When the University of Wisconsin Consortium online MBA program began some 20 years ago, it was basically just a program for students in the university system, using compressed video in a sort of glorified correspondence course. Of course much has changed, and it began with Wisconsin’s dedication to improving the technological aspects of its MBA program.
“Staying up with the technology” might be a mantra at Wisconsin, where five instructional designers work with faculty to constantly evolve and improve the presentation of learning materials. According to Robert Erffmeyer, director of the Wisconsin Consortium MBA since it began and a professor of marketing, that gives the program a well-deserved reputation for innovation and style — and without a reliance on recorded material.
“It used to be that a faculty member would stand there in front of a camera and press buttons back and forth, then that moved to the faculty member writing up his or her lecture, then we basically brought people who were skilled at teaching and tech into the picture,” Erffmeyer tells Poets&Quants. “Faculty have learned to partner with those specialists — they’ve kind of given up a certain independence in the classroom and realized that you’re working as a team.
“We take a lot of the tech burden off the faculty’s shoulders and say, ‘You have specialists here, let them work.’ Otherwise you get some people who are maybe great in the classroom but they’re not great online — and we get it the other way round, too, we get some people who are wonderful online and they may not be such a hit face-to-face. That’s the interesting thing about online: Some people really take to it, and some say, ‘I really want to stay on campus.’ We only work, obviously, with those who really like it. Most of our faculty who teach online also teach on campus.”
A FIVE-COURSE CORE AND TONS OF ELECTIVES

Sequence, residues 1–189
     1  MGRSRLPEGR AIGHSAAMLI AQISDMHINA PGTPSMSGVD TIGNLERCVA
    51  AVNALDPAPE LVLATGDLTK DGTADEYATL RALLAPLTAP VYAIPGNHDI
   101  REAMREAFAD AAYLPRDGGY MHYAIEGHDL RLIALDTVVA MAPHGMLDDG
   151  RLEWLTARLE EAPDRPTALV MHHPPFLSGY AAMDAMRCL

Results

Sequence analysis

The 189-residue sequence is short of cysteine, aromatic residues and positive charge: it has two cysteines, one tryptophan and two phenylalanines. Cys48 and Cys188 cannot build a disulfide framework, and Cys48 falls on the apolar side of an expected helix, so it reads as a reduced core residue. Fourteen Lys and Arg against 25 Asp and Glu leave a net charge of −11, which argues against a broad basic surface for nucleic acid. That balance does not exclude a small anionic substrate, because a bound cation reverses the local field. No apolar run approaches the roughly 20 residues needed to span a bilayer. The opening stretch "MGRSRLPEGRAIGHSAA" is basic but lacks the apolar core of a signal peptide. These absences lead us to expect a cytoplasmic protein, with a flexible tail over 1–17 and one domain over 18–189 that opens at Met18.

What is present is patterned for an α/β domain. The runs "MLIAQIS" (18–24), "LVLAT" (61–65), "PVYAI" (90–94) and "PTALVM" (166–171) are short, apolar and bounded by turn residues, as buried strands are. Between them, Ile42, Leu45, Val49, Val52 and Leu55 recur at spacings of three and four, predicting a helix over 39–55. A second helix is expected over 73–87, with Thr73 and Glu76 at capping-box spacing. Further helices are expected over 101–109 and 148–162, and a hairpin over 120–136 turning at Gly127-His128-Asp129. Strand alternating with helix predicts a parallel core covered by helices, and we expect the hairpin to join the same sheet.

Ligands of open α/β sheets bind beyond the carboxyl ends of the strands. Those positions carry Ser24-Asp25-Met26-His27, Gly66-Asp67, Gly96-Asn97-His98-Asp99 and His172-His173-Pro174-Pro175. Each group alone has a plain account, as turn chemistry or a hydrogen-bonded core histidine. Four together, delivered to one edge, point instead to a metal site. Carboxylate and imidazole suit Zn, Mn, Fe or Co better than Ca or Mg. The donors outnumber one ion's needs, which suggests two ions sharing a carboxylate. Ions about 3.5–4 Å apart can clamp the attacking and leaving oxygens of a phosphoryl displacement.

The Wisconsin Consortium online MBA has 316 students and takes in more in a rolling admission at five points throughout the year. The program itself is 30 credits and has five core classes, four of which are focused around a business cycle: the first deals with an ongoing business and is team taught by operations, HR, organizational behavior, and finance faculty; the second deals with developing new products and services, with a heavy dose of marketing and managerial accounting; the third, heavy on strategy and international business, deals with managing in a global environment; and the fourth, focusing on the future, leans heavily on HR and technology. Each of these core courses is four credits; the fifth required course is a one-credit course in leadership.
Wisconsin Consortium offers 40 different electives, including popular courses like Selling Ideas at Work, a sales course for MBAs; Strategies and Tactics of Pricing; and a pair of business communications courses. Concentrations are available in healthcare administration, supply chain management, and international business. Online MBA students must complete 13 credits of electives. “Our feeling is, they know their wants and needs much more than we do, and once we kind of get over the core, it’s like, ‘You figure out what works best,’” Erffmeyer says.